The National Association of Broadcasters has set a leadership transition for next year as longtime president Gordon Smith will hand the president-CEO reins to Curtis LeGeyt as of Jan. 1.

Smith, a former U.S. Senator from Oregon, has led the Washington, D.C.-based NAB since late 2009. LeGeyt has been with NAB for nearly 10 years and at present is chief operating officer. Smith will shift to an advisory role next year.

“I am honored and humbled to be named the next leader of this great organization,” LeGeyt said. “To represent the broadcast industry and the local stations that bind our communities together in a moment of such tremendous change across the media landscape is a privilege. Our stations’ role in communities across this country has never been more important, and I look forward to working every day to ensure their ability to grow and thrive.”

Smith has been a well-liked leader of the advocacy org who helped calm the waters among disparate broadcast groups as industry shifts made for conflicting agendas at times, particularly among the largest and smallest owners.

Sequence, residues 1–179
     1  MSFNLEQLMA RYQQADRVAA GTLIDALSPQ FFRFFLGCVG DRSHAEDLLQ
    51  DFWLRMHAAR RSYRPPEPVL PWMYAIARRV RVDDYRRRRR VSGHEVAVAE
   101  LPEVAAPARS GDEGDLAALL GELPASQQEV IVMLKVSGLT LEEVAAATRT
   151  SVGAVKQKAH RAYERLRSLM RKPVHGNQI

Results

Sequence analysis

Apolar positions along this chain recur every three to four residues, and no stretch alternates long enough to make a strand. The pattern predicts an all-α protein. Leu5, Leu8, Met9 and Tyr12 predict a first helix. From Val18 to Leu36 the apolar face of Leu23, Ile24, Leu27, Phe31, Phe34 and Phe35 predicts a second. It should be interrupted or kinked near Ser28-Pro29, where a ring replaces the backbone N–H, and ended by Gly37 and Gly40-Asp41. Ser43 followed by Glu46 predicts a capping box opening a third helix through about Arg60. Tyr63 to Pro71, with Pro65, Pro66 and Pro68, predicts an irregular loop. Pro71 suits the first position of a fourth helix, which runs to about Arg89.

Jordan Wertlieb, Hearst Television executive and president of NAB’s board of directors, praised Smith for his leadership during a period of massive transition for TV.

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NAB president Gordon Smith Erika Nizborski

“Gordon is the ultimate statesman, bringing people together from both sides of the aisle to discuss ideas, find common ground and lead NAB to success on countless fronts,” said Wertlieb. “On behalf of the leadership of NAB, we extend our sincere gratitude for more than a decade of service to the broadcast industry. We look forward to continuing to work with Gordon and benefiting from his guidance for years to come.”

In announcing his retirement, Smith gave a shout-out to the work that broadcasters do to provide news and information to hundreds of millions of Americans daily.

“It has been my great honor to give the lion’s roar for broadcasters – those who run into the storm, those who stand firm in chaos to hear the voice of the people, those who hold to account the powerful – and to stand with those of the fourth estate who have the hearts of public servants,” he said.

(Pictured: Curtis LeGeyt)